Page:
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Network World - Within a year’s time, Cisco customers will have greater protection from Internet threats on their networks when the company begins integrating recently acquired IronPort's reputation service called SenderBase into its routers and firewalls, company executives say.
Cisco’s acquisition of communications security vendor IronPort, which closed Monday, gives the network giant access to what’s becoming an essential tool in helping to thwart Internet threats -- reputation services -- adding content security to the list of features its network devices boast.
Reputation services monitor Web sites or e-mail traffic or both and flag potentially malicious content, such as e-mail messages containing spam, viruses, phishing attacks or hidden malware; and watch for Web sites that download viruses, botnets and other malware to visitors. Once flagged, the services then prevent customers from being affected by the threats by, for example, rejecting inbound e-mail from an IP address known to send spam, or blocking employees from visiting a Web site that downloads malware.
Such services “are becoming really important,” said Arabella Hallawell, research vice president with Gartner Group, during a session at the Gartner IT Security Summit earlier this month. “It’s not just about [monitoring] IP addresses, it’s understanding domains and Web site information, understanding when a domain was registered, who it was registered by, and if a Web site does a lot of advertising and has active content.”
What’s particularly important are that these services cover both Web and e-mail traffic, she added. “We’re really starting to see e-mail and Web threats intersect.”
SenderBase collects information from more than 100,000 sources worldwide and examines more than 110 attributes of an active e-mail or Web server to determine a reputation score, according to IronPort.
Cisco is calling the addition of SenderBase to its network devices Wide Packet Inspection, combining the depth of network-level security with the breadth of inspection capabilities for e-mail, Web and instant messaging traffic, says Jeff Platon, vice president of the company’s security marketing.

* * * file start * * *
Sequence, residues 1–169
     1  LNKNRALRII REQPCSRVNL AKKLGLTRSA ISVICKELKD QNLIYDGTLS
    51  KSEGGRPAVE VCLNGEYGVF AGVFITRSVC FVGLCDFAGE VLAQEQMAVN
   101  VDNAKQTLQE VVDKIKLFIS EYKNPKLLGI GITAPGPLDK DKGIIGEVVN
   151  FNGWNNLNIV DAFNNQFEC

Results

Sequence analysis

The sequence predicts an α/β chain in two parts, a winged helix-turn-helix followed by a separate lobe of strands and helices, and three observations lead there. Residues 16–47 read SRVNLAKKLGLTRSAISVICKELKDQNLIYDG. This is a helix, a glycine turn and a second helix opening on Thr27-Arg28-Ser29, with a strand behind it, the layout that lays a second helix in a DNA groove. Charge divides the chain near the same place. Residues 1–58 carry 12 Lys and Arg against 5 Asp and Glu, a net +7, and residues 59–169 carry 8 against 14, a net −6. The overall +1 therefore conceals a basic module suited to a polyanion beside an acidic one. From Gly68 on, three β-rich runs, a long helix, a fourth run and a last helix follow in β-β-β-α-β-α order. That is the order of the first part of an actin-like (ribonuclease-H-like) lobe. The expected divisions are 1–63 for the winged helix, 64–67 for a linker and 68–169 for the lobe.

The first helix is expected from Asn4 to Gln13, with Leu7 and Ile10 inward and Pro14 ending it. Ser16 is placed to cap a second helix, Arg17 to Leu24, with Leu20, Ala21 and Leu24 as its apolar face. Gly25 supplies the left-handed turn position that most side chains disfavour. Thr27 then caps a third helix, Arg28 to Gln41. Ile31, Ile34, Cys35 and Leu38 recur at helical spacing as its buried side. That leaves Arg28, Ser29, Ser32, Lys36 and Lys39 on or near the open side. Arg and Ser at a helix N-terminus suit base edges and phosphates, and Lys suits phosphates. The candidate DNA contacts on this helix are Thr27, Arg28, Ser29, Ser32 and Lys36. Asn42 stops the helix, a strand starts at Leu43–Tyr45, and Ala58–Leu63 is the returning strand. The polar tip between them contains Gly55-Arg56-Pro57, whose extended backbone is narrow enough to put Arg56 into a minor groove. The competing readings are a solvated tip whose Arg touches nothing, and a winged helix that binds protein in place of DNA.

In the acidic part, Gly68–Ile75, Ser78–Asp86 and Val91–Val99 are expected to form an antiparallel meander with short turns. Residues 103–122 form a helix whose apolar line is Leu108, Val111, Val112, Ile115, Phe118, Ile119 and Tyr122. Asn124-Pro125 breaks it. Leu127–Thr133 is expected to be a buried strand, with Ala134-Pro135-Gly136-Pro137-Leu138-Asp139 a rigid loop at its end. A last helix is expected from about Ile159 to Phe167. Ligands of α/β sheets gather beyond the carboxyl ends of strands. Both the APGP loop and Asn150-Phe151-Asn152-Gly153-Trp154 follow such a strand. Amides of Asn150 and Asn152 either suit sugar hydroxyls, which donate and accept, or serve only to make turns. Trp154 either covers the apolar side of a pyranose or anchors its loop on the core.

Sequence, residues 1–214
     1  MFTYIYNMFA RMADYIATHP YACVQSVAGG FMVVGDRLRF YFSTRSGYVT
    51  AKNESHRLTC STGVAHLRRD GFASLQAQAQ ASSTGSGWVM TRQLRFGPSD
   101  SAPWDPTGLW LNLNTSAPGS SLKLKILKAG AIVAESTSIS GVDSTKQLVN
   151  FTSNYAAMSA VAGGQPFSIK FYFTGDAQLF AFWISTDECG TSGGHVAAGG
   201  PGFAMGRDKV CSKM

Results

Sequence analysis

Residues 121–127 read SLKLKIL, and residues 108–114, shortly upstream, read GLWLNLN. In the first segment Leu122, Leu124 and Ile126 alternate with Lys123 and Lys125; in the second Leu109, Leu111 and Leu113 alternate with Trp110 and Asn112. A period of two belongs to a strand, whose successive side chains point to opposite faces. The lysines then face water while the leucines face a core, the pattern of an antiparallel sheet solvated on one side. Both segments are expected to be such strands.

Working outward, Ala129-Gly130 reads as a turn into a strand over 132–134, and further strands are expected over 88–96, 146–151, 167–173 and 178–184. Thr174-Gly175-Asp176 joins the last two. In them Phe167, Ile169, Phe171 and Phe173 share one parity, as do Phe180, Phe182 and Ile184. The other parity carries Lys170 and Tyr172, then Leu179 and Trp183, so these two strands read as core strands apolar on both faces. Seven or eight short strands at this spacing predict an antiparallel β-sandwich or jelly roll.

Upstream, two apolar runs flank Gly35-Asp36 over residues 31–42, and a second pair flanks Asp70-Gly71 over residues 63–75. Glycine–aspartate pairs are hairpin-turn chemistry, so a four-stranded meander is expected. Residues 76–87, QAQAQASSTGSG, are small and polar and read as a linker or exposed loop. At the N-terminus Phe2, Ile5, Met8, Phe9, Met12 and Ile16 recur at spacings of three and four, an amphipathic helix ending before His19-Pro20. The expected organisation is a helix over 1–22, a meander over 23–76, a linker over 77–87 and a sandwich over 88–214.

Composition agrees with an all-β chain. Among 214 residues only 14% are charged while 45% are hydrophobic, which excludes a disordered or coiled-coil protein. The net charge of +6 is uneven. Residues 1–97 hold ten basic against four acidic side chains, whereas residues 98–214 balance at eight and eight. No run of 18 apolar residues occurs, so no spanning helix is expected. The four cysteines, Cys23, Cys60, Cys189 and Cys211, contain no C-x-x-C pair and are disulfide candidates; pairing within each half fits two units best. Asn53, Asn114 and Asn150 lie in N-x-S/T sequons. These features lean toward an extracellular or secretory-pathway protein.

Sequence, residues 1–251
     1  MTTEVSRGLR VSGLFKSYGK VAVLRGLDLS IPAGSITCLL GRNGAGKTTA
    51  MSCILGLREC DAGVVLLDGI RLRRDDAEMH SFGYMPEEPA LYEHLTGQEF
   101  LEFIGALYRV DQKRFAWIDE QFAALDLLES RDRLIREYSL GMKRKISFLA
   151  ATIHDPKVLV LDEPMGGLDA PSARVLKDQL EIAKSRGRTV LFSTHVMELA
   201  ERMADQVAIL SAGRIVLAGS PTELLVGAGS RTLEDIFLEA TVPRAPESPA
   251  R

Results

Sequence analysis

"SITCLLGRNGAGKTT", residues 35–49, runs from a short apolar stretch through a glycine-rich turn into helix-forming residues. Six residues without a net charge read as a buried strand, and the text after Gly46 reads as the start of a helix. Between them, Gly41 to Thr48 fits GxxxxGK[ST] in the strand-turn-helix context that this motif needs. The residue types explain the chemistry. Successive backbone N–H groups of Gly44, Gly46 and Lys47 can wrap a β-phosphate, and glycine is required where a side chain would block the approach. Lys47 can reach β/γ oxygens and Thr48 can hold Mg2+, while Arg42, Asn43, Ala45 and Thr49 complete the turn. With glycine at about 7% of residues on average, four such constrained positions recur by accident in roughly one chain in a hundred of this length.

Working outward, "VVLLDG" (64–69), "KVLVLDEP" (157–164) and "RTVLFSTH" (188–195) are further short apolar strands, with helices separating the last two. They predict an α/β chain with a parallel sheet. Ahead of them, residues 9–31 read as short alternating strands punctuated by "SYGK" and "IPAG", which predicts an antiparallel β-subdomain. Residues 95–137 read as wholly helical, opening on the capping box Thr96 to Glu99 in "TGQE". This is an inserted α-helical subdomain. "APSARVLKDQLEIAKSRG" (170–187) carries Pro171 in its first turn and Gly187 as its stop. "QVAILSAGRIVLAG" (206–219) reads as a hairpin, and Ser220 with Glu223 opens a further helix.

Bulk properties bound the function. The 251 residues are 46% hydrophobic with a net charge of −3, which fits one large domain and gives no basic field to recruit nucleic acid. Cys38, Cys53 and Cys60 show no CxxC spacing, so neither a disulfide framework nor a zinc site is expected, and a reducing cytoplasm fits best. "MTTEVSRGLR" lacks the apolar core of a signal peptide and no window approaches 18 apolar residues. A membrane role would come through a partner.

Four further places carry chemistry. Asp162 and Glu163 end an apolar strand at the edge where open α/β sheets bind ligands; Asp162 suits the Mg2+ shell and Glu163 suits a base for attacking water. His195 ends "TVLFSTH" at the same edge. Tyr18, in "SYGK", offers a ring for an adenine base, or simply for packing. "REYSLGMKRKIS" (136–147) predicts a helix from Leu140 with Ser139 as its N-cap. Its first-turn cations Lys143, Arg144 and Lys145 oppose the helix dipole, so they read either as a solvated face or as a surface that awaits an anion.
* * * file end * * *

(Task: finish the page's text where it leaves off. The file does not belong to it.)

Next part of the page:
There are other areas in its product portfolio where Cisco sees potential for integration with SenderBase, Platon says. But for the most part, IronPort will operate as an independent business unit under the Cisco umbrella, led by former IronPort CEO Scott Weiss.
This arrangement, according to one user of products from both companies, should offer IronPort the resources and the flexibility it needs to continue to grow.
“We see distinct advantages for IronPort being associated with a large company like Cisco [that has] sufficient money for research and development,” says Mark Pfefferman, assistant vice president and director of distributed computing services with Western & Southern Financial Group in Cincinnati. “As spam gets increasingly more sophisticated and difficult to protect against, a solid, well-funded research and development program will be critical for a company … to remain in the top tier.”
Cisco plans to release network devices with SenderBase during the first half of 2008, says Platon.
Read more about security in Network World's Security section.